I’m sharing a link to this article titled “We need to understand how to provide trauma-informed care.” It’s a very simple, short, well-written piece dealing with problems treating children who have a trauma history, in the care services. I think that everything the author writes about children could also be applied to adults with a history of trauma who are being provided with care services.
I would add to the information in the article something I’ve been thinking about a lot. Childhood trauma is not only something that affects “other people,” children and adults who present to agencies for care. It affects many people who may appear to be high functioning and may not present to agencies. Some of those who work in the care services may have been drawn to their professions — drawn to wanting to help others — because of their own histories of childhood trauma, whether or not they have dealt with that history fully. Others who provide services may have experienced childhood trauma that they are unaware of. Service providers who are avoiding traumatized parts of themselves may have difficulty dealing appropriately with behaviours reflecting trauma in the people they treat.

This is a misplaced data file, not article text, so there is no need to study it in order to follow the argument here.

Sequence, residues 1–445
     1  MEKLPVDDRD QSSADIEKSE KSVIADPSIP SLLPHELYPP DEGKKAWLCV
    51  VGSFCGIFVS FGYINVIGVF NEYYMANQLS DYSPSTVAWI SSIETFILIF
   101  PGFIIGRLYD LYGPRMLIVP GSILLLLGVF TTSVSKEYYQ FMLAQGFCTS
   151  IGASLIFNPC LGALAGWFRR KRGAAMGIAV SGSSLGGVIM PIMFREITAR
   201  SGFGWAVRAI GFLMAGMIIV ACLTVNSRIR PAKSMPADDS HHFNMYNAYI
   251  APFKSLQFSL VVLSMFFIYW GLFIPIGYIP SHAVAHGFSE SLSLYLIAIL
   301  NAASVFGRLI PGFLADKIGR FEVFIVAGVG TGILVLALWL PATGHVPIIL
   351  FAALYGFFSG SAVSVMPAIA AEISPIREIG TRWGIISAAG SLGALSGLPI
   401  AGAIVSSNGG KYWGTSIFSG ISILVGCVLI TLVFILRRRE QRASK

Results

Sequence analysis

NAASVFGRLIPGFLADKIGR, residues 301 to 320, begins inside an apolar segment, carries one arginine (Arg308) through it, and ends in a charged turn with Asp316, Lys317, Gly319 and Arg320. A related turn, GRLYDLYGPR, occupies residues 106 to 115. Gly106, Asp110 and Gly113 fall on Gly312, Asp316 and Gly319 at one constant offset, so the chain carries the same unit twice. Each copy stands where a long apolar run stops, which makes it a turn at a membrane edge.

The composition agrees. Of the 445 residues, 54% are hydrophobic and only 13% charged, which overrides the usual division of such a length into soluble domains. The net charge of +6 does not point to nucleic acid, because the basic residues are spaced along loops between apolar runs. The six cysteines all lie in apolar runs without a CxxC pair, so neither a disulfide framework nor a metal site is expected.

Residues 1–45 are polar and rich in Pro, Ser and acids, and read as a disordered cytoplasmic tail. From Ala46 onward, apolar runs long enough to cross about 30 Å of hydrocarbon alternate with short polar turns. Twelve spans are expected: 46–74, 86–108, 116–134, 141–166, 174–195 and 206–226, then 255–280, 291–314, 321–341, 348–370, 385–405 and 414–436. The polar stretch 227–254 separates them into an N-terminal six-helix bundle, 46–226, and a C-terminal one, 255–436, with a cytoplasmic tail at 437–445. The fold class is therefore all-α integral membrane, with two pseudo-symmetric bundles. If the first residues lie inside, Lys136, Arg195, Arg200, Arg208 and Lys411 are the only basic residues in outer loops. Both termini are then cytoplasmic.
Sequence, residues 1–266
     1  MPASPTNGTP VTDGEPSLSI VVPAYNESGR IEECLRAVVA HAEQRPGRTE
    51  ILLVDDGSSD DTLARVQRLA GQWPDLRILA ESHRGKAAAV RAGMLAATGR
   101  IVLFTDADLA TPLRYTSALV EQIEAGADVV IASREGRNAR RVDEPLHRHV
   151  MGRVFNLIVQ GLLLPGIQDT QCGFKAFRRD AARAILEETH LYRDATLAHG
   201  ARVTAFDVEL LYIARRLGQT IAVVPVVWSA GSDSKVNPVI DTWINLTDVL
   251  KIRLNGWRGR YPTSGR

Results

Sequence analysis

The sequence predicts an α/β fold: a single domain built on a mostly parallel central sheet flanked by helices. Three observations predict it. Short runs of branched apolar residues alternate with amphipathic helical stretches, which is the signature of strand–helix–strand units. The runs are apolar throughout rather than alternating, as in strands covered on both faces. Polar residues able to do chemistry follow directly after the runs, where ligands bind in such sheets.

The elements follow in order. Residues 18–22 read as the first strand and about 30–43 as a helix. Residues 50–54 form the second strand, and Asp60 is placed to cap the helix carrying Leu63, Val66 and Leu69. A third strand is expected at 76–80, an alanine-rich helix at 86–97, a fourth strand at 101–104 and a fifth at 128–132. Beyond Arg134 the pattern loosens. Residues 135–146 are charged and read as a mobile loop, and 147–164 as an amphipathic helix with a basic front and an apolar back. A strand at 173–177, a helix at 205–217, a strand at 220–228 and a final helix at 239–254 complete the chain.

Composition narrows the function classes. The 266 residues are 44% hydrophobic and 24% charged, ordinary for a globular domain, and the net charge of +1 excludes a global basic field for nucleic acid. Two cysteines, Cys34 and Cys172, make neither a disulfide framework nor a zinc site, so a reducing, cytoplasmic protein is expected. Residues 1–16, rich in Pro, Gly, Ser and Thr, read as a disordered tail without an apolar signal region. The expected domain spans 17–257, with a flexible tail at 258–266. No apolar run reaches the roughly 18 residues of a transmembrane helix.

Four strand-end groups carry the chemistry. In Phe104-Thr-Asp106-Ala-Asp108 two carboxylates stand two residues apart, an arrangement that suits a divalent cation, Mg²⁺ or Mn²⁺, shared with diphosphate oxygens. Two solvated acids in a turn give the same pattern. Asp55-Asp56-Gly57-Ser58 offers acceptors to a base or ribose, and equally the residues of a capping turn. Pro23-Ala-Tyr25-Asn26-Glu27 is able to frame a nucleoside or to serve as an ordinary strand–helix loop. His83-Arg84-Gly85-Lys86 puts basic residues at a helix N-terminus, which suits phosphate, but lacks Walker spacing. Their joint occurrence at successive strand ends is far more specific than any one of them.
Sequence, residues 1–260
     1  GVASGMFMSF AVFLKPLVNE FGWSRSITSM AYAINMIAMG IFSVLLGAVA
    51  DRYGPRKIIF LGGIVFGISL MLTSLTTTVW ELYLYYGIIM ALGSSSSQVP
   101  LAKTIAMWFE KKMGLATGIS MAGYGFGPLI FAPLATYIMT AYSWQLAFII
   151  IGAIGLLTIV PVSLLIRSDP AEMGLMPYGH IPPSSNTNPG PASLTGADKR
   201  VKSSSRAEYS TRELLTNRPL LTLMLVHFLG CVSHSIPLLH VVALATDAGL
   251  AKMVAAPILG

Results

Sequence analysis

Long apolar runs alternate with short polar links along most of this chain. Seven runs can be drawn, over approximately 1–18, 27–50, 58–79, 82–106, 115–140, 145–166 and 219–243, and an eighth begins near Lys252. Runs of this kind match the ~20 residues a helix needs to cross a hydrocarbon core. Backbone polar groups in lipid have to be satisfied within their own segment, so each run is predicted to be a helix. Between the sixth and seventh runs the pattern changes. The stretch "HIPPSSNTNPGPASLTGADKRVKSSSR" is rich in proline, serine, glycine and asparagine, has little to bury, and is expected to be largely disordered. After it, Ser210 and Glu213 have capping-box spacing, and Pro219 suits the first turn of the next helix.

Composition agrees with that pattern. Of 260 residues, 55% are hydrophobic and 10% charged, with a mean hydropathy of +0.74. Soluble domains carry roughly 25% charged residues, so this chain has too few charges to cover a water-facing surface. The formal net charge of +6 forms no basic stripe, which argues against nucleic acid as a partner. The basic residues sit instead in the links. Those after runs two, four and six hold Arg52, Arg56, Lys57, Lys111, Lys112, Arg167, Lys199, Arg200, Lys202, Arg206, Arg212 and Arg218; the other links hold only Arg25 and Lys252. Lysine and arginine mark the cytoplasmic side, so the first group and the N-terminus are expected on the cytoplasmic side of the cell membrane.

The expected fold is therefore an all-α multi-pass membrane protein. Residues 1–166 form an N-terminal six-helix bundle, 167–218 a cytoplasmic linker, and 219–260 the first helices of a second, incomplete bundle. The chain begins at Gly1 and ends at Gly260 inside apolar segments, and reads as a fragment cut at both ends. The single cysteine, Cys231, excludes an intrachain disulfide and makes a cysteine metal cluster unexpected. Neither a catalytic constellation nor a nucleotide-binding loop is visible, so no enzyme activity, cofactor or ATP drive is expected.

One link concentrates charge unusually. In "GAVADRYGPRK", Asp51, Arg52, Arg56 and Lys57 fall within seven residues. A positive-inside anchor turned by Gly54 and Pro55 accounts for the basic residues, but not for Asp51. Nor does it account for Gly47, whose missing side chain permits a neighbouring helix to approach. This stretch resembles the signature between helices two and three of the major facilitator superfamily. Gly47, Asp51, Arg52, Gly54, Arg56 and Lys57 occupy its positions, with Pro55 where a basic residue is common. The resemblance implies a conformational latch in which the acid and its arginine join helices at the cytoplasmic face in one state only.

Too little is still understood about how a history of trauma can impact people’s behaviour and health. And too little is still understood about childhood trauma, period. Let’s keep spreading the word; let’s help people understand. Let’s raise ourselves up.